Whether you are grilling, frying, or baking, corn flour is one of the most common ingredients you will need. It is popular amongst people who love gluten-free treats. You can also use it as a coating for fried food, including fish and chicken.
While it is a handy ingredient in the kitchen, corn flour may not always be available. If it is nowhere to be found, then you should consider your options for a corn flour substitute. Read on as we talk about some of the top choices.
What is Corn Flour?
As the name implies, corn flour is flour from corn. It is a result of milling dried corn kernels, producing whole grain flour that contains the corn’s endosperm, germ, and hull. The most common color is yellow, but it can also be blue or white depending on the corn variety.
The main purpose of using corn flour is to give structure to whatever you are baking. It usually combines with a binder like egg. When used properly, corn flour yields a sweet and earthy flavor.
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The Best Cornflour Substitute – 7 Ideal Options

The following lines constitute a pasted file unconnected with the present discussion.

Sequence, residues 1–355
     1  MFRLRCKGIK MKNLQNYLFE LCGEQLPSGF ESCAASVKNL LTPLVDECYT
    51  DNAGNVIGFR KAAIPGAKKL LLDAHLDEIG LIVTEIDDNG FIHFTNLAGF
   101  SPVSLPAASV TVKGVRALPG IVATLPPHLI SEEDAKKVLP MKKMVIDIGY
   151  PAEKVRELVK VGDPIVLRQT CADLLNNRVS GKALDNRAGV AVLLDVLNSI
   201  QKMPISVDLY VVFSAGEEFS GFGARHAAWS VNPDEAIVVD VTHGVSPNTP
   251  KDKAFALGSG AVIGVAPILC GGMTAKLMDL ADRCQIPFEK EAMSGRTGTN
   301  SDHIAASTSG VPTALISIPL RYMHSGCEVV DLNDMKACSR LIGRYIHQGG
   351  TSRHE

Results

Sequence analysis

If corn flour is unavailable in your kitchen or in the grocery, consider other substitutes. Below are some of the best ingredients that can yield similar results.
Since it is also made from corn, cornstarch will make a great substitute if you cannot get your hands on corn flour. Besides, they are both gluten-free, so they are great for people who have specific dietary requirements.
While it can be a substitute, take note of the differences between cornstarch and corn flour. Corn flour uses dried kernels. On the other hand, cornstarch uses only corn’s starchy parts. Cornstarch is chalkier, which makes it great for making thicker sauces and stews.
Another difference between the two is the flavor. Cornstarch is flavorless, whereas corn flour has a savory taste. You might want to consider such during substitution, especially if your goal is to replicate the natural flavors that you will find in corn flour.
However, it is also important to consider your location. If you are in the United States, cornstarch is different from corn flour. Meanwhile, if you are in the United Kingdom, they mean the same thing.